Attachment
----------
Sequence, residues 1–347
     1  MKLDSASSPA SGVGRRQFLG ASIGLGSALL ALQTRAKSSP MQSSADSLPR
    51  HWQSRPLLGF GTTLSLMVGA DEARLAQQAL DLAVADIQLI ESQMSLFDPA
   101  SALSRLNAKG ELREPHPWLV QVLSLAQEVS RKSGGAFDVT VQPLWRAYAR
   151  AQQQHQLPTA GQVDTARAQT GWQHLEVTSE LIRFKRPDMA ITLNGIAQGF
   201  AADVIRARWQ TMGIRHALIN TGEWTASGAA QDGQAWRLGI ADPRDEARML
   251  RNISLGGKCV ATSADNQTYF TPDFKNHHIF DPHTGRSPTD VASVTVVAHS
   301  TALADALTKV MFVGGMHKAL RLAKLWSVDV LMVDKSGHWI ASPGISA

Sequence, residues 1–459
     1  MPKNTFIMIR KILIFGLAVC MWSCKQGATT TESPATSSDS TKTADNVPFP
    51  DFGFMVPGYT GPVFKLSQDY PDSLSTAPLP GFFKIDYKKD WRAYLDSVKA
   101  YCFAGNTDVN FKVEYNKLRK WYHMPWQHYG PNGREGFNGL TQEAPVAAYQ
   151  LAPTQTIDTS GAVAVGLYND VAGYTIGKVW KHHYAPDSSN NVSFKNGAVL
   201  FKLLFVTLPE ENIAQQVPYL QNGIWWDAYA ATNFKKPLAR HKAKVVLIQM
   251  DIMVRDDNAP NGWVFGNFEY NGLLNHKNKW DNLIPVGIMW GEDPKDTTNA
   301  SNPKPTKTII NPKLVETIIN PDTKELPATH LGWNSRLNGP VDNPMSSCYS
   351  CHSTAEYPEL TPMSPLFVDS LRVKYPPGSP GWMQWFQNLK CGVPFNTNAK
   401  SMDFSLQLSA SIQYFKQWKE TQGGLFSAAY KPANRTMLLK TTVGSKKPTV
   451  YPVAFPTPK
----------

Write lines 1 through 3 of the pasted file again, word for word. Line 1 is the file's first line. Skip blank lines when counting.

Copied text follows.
Sequence, residues 1–347
     1  MKLDSASSPA SGVGRRQFLG ASIGLGSALL ALQTRAKSSP MQSSADSLPR
    51  HWQSRPLLGF GTTLSLMVGA DEARLAQQAL DLAVADIQLI ESQMSLFDPA